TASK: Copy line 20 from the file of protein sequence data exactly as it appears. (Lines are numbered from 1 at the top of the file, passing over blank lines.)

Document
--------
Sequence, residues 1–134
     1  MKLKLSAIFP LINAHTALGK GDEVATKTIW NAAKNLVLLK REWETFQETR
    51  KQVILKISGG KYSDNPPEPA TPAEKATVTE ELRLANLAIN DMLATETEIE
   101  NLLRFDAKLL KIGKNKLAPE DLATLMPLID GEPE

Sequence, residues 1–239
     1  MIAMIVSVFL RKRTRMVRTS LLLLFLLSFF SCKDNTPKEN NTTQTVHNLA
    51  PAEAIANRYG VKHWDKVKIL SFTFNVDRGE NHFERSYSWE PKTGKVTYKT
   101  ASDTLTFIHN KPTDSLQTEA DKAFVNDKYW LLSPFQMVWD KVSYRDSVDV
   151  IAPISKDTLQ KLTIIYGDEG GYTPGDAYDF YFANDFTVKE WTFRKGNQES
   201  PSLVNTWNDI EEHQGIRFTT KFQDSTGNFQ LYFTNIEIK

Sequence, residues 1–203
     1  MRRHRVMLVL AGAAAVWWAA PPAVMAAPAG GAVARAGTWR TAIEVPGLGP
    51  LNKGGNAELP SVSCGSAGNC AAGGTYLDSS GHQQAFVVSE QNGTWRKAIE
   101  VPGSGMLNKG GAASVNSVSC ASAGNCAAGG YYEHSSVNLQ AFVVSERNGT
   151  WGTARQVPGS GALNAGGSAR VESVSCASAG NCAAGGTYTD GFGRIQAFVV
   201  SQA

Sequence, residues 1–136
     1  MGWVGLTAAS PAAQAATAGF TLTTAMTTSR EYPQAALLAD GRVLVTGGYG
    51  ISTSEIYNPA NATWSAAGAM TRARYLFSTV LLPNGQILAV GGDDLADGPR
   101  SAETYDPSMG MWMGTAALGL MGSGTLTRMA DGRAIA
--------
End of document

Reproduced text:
   101  SAETYDPSMG MWMGTAALGL MGSGTLTRMA DGRAIA